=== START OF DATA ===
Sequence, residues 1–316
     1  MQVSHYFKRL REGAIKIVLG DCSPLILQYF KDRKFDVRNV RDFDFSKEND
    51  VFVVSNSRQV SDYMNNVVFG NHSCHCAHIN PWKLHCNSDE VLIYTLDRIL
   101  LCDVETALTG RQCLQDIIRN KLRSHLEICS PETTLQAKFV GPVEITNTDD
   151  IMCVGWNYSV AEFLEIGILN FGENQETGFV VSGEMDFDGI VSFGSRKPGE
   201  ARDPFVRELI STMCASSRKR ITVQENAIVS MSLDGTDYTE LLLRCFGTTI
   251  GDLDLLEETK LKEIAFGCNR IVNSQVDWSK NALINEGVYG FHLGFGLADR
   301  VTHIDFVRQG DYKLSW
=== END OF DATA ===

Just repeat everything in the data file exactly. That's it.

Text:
Sequence, residues 1–316
     1  MQVSHYFKRL REGAIKIVLG DCSPLILQYF KDRKFDVRNV RDFDFSKEND
    51  VFVVSNSRQV SDYMNNVVFG NHSCHCAHIN PWKLHCNSDE VLIYTLDRIL
   101  LCDVETALTG RQCLQDIIRN KLRSHLEICS PETTLQAKFV GPVEITNTDD
   151  IMCVGWNYSV AEFLEIGILN FGENQETGFV VSGEMDFDGI VSFGSRKPGE
   201  ARDPFVRELI STMCASSRKR ITVQENAIVS MSLDGTDYTE LLLRCFGTTI
   251  GDLDLLEETK LKEIAFGCNR IVNSQVDWSK NALINEGVYG FHLGFGLADR
   301  VTHIDFVRQG DYKLSW